But there are echoes of Eden in our need for answers to everything.

Like Adam and Eve, we snatch at the tree of knowledge because ultimately we want to be like God.

We want to be in total control and lack for nothing.

That’s what our quixotic quest for answers is really all about. For some of us, answers simply serve as a warm blank we mistakingly think will shield us from the cold and often confusing complexity of real life. But for many more of us, answers are the things that give us power and with that power comes the ability to control and manipulate the world around us and, more importantly, the people within it.

And so we gleefully delude ourselves into thinking we’ve got it all figured out, providing reasons for everything and Bible verses to back it up.

But in doing so we expose our own misunderstanding, not only of faith, but what the Bible is and how it functions. We believe and often need it to be an answer book. But it’s not. It does, of course, offer some answers for how to respond in some situations, but taken as a whole the Bible seems to raise far more questions than it does provide answers.

Am I my brother’s keeper?

Who do you say that I am?

My God, my God, why have you forsaken me?

The Bible is absolutely there to guide us and we should unquestionably make an effort to know and understand what we can, but we need to remember that the same Paul who said we need to be ready in season and out, also acknowledged that we see but through a mirror dimly.

In other words, we don’t and can’t have it all figured out.

Which is why “I don’t know” is such an important component of faith.

It doesn’t necessarily mean we’re not “ready in season and out” or that we haven’t given any thought to the matter at hand. The opposite should be true. It’s ok to say “I don’t know” when we haven’t actually given it much thought or don’t have the proper training, but the best “I don’t know” comes about through wrestling long, hard, and honestly over difficult matters.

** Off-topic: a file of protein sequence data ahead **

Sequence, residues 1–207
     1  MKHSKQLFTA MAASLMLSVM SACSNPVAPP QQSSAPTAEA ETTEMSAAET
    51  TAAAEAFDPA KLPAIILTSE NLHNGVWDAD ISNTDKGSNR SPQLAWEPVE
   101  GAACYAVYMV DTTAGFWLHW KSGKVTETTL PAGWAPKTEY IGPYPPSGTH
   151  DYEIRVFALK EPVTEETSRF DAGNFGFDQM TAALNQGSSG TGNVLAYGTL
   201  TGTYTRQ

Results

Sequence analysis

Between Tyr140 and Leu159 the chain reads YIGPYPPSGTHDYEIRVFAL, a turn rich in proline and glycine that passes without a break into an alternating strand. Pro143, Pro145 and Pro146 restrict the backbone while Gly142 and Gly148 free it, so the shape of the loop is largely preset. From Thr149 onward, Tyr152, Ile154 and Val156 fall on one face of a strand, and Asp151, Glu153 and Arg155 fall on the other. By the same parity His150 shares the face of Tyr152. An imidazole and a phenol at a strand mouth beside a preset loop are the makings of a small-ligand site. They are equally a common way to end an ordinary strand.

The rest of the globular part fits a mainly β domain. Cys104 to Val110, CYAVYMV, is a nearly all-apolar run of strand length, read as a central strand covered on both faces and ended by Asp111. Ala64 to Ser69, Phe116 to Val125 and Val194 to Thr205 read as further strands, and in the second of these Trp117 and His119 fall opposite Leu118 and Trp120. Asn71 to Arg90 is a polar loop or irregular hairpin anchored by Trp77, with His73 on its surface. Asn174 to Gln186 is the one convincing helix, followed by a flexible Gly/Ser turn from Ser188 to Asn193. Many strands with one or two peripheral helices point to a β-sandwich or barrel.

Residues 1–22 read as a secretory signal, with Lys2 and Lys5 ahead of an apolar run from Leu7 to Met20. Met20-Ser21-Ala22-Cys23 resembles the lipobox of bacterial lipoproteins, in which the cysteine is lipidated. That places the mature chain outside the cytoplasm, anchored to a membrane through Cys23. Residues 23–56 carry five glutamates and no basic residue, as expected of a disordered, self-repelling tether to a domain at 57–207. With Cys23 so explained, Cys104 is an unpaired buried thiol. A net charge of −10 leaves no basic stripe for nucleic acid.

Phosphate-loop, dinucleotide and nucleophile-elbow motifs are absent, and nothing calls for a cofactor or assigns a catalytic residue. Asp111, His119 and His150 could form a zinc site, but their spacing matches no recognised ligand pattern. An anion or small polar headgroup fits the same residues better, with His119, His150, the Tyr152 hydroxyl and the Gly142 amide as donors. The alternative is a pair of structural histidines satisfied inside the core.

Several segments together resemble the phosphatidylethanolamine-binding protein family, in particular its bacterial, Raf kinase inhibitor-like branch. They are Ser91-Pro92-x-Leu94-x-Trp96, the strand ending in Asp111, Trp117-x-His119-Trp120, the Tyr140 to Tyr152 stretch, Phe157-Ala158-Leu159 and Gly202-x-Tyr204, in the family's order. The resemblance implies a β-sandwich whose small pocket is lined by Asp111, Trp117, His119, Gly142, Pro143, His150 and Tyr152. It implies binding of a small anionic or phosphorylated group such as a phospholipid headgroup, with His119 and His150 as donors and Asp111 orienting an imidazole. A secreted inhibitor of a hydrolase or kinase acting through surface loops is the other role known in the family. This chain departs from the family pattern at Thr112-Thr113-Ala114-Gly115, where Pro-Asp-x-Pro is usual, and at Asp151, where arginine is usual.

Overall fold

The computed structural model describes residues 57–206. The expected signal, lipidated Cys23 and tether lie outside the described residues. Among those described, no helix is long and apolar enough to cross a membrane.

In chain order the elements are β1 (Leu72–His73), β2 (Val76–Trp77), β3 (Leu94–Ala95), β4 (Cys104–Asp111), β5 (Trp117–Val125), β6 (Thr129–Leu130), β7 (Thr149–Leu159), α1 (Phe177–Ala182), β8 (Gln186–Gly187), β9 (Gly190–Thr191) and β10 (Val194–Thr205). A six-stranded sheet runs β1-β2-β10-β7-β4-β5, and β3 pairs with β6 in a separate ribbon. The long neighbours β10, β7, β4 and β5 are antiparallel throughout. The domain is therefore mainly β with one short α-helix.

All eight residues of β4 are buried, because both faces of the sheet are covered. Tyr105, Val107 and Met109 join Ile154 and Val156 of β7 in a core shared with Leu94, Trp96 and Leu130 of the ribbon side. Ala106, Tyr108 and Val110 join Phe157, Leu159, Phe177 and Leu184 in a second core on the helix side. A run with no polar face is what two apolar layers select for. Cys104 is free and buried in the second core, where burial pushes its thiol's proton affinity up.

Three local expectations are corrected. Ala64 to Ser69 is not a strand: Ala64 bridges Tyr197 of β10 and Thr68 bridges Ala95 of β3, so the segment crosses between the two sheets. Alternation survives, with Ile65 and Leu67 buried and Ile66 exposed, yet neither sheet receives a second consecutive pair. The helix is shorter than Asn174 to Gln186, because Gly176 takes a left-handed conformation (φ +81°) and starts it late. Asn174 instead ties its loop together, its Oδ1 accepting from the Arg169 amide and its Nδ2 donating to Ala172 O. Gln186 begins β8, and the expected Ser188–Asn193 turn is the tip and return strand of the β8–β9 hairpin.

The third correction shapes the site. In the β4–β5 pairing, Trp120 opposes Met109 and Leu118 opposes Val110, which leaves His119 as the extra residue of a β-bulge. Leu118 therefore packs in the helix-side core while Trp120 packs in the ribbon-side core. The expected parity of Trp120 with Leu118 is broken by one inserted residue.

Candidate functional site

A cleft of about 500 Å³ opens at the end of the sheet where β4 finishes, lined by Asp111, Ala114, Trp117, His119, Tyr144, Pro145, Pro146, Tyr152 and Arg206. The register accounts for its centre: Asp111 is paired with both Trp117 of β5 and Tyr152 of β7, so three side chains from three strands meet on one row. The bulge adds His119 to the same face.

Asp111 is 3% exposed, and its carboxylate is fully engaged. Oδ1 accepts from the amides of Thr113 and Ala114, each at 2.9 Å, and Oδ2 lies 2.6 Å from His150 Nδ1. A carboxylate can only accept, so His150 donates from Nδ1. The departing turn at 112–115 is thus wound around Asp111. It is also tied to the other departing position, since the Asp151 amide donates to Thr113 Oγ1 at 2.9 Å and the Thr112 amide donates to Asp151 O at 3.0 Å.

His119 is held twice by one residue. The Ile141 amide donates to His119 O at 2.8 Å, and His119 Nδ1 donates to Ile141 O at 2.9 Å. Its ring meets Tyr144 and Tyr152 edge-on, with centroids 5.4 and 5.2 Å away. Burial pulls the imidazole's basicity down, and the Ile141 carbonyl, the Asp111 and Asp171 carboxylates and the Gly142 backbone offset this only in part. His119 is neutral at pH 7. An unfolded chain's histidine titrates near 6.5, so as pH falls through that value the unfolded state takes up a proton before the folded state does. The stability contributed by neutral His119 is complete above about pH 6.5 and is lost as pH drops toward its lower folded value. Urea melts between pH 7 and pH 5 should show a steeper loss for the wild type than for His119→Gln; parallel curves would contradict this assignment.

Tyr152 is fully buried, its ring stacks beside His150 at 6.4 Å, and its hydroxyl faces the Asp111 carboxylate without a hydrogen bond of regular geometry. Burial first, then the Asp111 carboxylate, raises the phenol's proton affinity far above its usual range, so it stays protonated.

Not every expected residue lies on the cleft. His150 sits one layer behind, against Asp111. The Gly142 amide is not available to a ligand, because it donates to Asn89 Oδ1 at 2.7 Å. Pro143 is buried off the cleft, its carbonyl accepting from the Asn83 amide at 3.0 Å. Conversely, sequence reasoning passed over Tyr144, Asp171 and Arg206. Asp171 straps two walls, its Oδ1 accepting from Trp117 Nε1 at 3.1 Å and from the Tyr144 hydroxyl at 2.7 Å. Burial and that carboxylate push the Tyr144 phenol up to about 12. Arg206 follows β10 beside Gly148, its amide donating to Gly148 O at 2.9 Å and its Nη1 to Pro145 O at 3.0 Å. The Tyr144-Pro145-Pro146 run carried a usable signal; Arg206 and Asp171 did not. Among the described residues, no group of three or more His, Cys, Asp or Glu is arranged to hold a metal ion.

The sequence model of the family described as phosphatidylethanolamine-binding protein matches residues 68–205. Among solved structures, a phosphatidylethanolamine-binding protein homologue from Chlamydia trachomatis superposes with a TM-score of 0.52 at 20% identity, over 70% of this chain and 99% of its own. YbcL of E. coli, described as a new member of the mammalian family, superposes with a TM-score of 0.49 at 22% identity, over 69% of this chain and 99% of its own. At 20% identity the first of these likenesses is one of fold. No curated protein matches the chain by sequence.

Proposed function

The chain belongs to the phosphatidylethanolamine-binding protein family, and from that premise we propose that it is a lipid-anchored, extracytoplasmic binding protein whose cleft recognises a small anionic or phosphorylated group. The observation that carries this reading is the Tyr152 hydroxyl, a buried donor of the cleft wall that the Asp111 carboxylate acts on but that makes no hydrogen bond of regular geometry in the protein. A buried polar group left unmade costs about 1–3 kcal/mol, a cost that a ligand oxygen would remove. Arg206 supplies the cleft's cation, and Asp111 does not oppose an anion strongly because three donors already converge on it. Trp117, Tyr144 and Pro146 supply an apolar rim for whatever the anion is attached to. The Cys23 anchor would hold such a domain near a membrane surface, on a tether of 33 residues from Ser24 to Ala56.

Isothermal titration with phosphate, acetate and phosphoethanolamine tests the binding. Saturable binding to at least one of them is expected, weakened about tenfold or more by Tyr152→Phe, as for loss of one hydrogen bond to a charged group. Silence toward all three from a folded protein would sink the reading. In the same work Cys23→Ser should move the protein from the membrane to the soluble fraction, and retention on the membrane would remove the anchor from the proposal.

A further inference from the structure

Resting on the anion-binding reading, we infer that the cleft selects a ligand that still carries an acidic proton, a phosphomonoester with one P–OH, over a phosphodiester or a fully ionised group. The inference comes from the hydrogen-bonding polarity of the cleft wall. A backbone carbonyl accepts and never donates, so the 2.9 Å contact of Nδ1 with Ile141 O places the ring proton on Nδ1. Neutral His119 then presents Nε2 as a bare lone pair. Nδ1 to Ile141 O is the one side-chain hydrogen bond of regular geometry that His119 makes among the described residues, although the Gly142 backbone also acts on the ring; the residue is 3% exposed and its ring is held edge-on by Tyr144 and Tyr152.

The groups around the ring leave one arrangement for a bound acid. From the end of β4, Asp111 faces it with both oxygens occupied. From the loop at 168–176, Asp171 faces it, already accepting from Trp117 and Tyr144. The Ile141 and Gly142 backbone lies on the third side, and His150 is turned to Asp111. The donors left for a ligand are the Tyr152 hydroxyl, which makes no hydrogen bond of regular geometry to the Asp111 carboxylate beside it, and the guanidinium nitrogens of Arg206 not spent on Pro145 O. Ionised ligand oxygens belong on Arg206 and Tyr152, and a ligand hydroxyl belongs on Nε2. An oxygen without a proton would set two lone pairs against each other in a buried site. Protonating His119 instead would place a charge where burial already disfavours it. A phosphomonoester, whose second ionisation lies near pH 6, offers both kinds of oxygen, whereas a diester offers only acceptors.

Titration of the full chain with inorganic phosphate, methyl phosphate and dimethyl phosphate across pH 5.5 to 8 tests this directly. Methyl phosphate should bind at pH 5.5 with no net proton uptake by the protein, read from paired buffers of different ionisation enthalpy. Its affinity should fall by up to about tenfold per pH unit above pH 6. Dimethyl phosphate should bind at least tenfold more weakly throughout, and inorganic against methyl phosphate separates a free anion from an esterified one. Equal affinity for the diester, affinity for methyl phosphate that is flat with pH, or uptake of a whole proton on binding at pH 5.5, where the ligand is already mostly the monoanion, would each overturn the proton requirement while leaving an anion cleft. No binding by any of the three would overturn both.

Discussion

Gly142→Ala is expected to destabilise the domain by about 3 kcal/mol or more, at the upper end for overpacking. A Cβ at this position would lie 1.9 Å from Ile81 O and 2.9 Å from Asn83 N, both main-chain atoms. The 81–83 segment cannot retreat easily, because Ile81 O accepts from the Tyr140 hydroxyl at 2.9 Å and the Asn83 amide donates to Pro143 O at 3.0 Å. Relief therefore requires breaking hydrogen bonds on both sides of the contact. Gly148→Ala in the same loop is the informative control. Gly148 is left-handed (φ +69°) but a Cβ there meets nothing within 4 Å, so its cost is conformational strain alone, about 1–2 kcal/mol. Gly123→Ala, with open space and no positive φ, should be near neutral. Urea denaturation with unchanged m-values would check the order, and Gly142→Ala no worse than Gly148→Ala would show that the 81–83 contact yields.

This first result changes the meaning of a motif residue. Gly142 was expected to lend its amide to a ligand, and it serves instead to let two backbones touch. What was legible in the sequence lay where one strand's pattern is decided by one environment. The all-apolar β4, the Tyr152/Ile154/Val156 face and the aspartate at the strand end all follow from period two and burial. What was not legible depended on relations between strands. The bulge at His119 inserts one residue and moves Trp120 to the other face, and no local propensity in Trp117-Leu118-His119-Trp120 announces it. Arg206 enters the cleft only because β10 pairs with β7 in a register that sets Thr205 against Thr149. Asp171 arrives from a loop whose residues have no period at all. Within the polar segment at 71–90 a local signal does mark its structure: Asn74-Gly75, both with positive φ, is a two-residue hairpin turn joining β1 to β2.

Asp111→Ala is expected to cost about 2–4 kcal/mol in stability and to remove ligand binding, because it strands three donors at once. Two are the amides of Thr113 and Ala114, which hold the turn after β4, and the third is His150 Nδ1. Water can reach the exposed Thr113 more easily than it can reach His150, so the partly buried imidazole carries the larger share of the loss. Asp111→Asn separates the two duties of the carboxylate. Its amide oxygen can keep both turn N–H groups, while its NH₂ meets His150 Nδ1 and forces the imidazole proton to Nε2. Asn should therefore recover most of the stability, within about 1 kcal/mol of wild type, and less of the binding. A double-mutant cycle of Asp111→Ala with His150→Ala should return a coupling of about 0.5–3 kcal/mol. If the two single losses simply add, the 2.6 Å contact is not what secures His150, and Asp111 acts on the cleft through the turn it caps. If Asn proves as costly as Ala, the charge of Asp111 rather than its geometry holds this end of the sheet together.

Now, don’t hear me wrong. There is certainly space and even a need for some answers, but when we feel obligated to always offer answers to everything in life, the inevitable result is unnecessary pain.

When life gets messy and hearts break, one of the worst things we can offer are answers or reasons why God wanted or allowed a tragedy to happen.

What we need to do instead is learn to make space for sacred silence, the kind of silence that acknowledges the gravity of the situation, honors the pain of those who suffer, and recognizes that some questions simply don’t have answers, or at least not easy ones that can be proof-texted with cherry picked Bible verses.

Making space for sacred silence requires a level of humility that’s largely missing in the church today, but it’s humility we can and must rediscover if we’re to remain relevant in the world and not be dismissed as arrogant know-it-alls who only preach, never listen.

Only correct, never embrace.

Only control, never serve.

Only denounce, never love.

Saying “I don’t know” isn’t about laziness or weakness or stupidity or not being prepared.

It’s about taking posture of humility when the moment calls for such.

And those moments come about far more often than most of us are willing to admit.